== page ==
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Researchware, Inc.

Simply Powerful Tools for Qualitative Research

HyperRESEARCH: Working Collaboratively

Although HyperRESEARCH is designed to be used by one person at a time, it includes many options for sharing data that allow multiple-researcher teams to work on a study in both the coding and analysis phases.

(For information about exporting data from HyperRESEARCH to be used in other programs, see the "Exporting Study Data" topic in the "HyperRESEARCH Help..." option in the Help menu. You can export code lists, reports, and theory results.)

Sharing study files and source files

To distribute a study file to other researchers—either for additional coding or for analysis—you will need to send the study file along with your source files. For this reason, it’s usually best to set up your study so that all your source files are in a single folder. This makes it easier to send the source files, and less likely that a file will be missed.

 

Sources in HyperRESEARCH:

When you work with a source file in HyperRESEARCH, the source is not imported or copied into your study file. Instead, HyperRESEARCH saves the name and location of the source file, along with the location of code references for that file. This approach improves memory use and performance, since source files are only opened when they’re needed.

Because of this, it’s important that all researchers who are working on a study all have the same version of the source files. If a source file is coded by one researcher, and then the study is opened by another researcher with a different version of the source file, the code references in that source file may be shifted so that the wrong text is associated with the code.

To prevent this, when you send a study file, make sure to also send the source files you’ve used. If you are sure your colleague has the same version of the source files, you don’t need to send them again, but if in doubt, send any files that you believe might not be identical on your colleague’s computer.


Cross-platform file exchange:

HyperRESEARCH uses the same file format on both Mac OS X and Windows, so you can create a study file using HyperRESEARCH on one platform, then open it using HyperRESEARCH on the other platform without converting or changing it.

In general, source files can also be moved between platforms without changes. There are a few exceptions:

  • Plain text source files can be used on either platform, but certain special characters that are part of one platform’s standard character set but not the other’s cannot be displayed on the other platform. (For example, the not-equals symbol is part of the Mac character set but not the Windows character set, so files prepared on the Mac that have this symbol in them will lack it when opened on Windows.) This does not apply to Unicode-encoded files: Unicode files are fully cross-platform.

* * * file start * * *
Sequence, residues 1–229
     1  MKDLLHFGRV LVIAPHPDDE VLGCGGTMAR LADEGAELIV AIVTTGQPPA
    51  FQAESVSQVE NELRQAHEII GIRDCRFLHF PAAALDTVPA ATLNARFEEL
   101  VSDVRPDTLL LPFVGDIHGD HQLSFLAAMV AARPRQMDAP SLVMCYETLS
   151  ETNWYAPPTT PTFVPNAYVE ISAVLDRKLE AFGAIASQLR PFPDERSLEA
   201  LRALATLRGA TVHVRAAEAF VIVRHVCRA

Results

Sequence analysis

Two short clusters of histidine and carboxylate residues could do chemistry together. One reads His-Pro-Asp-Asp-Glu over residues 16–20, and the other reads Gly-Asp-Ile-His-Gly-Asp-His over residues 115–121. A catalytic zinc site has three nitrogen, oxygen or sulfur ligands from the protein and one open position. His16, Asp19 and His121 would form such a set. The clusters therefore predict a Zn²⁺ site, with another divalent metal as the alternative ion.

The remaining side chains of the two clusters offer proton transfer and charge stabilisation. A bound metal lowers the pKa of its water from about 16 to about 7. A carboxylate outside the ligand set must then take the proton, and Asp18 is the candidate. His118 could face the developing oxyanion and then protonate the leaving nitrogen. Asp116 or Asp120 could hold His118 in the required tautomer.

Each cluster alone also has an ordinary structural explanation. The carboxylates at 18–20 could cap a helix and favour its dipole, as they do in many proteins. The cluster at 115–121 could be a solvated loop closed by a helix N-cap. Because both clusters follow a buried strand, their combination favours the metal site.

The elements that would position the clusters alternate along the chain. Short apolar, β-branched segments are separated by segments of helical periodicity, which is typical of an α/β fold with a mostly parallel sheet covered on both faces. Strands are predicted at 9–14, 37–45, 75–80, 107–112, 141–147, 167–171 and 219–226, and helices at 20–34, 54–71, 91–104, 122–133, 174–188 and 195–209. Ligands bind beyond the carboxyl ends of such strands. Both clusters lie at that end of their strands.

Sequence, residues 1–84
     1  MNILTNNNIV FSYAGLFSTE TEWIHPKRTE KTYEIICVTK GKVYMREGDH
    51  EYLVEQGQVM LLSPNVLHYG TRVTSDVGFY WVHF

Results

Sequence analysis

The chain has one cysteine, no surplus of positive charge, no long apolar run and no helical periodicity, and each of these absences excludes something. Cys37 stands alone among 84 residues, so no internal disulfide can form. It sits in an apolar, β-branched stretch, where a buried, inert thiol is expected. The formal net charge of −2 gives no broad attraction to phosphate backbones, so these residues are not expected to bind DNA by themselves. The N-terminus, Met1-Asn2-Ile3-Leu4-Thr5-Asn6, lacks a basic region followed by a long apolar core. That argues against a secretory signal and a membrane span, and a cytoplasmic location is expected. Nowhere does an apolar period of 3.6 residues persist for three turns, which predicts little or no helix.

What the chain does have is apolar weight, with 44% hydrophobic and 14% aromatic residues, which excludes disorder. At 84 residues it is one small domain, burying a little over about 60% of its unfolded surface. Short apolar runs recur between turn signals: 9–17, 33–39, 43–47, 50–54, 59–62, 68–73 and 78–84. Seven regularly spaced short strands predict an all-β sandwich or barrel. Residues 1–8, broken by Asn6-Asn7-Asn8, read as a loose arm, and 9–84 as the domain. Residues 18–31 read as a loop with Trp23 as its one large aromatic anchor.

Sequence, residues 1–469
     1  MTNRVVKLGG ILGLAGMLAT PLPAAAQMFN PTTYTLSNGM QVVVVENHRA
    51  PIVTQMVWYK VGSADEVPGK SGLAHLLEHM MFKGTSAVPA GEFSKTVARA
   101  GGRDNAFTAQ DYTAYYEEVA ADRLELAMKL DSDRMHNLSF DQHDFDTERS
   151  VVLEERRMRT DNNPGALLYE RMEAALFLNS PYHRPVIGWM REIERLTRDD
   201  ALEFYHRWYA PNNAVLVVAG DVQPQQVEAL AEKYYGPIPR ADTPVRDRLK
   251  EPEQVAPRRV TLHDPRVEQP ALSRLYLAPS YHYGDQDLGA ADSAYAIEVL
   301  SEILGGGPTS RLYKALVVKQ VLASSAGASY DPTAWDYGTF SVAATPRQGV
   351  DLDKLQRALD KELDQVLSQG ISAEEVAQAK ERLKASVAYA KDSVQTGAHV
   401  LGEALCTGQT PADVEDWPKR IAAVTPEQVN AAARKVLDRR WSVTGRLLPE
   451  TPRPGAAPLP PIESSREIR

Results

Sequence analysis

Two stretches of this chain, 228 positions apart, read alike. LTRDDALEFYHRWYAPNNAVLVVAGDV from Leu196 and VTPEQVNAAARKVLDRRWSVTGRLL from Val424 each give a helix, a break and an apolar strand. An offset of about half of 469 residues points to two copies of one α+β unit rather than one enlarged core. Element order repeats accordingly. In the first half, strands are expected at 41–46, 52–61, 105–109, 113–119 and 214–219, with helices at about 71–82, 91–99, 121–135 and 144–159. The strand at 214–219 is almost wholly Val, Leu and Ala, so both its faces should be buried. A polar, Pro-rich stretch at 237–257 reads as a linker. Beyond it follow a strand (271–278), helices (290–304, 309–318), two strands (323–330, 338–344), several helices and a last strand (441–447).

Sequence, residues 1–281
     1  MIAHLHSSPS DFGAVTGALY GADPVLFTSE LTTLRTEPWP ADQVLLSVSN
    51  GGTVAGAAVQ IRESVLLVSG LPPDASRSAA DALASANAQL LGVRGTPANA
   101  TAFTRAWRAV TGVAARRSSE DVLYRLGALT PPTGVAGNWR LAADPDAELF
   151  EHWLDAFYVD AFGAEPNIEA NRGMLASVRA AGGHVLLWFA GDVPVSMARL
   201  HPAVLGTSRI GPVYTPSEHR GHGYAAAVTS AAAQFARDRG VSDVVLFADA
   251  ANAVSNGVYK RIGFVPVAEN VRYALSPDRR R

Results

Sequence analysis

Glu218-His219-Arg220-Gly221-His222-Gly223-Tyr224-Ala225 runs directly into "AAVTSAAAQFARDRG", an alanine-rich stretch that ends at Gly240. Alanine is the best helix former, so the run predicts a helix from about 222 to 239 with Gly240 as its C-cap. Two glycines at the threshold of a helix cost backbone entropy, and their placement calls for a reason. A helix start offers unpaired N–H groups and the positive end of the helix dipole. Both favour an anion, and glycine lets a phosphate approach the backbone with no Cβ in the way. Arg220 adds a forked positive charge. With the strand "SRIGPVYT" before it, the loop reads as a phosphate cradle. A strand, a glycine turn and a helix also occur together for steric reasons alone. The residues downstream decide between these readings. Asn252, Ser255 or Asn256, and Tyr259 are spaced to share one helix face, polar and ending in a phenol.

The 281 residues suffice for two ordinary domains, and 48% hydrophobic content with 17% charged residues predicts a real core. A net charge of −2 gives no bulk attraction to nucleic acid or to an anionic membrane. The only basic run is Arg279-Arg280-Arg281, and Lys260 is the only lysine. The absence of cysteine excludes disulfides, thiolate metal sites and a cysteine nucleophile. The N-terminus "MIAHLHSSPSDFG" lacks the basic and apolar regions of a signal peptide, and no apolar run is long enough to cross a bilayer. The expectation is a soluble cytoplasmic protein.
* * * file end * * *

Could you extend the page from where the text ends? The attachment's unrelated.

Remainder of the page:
• PICT-format image files can be opened only on Mac OS X systems. All other image formats can be used on either platform without change.
  • Windows Media audio and video files (.wma and .wmv) currently can be used as source files on Mac OS X with the Flip4Mac QuickTime extension. QuickTime currently cannot play these formats on Windows, so these source files cannot be accessed on Windows systems.

Workflow for sending a study:

You can distribute a study to any number of other researchers. To open the study file, the other researcher’s computer must have HyperRESEARCH installed—either the full licensed edition, or the Free Limited Edition.

The process looks like this:

  1. You send the study file and source files to the other researcher. You can email the files, burn a CD with the files and give it to the other researcher, use your local network, or use any other method that’s convenient. Ttip: the "Study Packager" tool in the Tools menu is a great way to pack your study file and associated source files into a zipped archive, which can be "unpacked" and opened via the Open Study Package feature in the Study Packager. 
  2. The recipient opens the study file in HyperRESEARCH. Tip: To simply view the data or create reports, the recipient can use the Free Limited Edition of HyperRESEARCH, without purchasing a license. The Free Limited Edition is available on the Researchware website at
    http://www.researchware.com/hr/downloads.html. However, to add codes or cases beyond the Free Limited Edition’s limits, the recipient must have a HyperRESEARCH license. For more about the Free Limited Edition, see the Free Limited Edition topic in HyperRESEARCH's built-in Help documentation.
  3. The recipient identifies the new location of the source files. HyperRESEARCH stores the location of sources files within the study file, and when the files are moved to another computer (possibly with a different hard disk name, different folder structure, and so on), the location has changed. Tip: The first time the recipient does something that requires accessing a source file — such as clicking a code reference when the View Source box is checked, or creating a report that includes source information — HyperRESEARCH asks where that source file is. Once the recipient has identified the file’s location, HyperRESEARCH checks whether all other sources are in located within the same folder. If they are, the HyperRESEARCH updates the location of all source files.
  4. To make sure that HyperRESEARCH won’t need to ask again for the location of source files, the recipient should choose File Save to save the study file. This ensures that the new location of the source files is also saved.

Sharing code lists between studies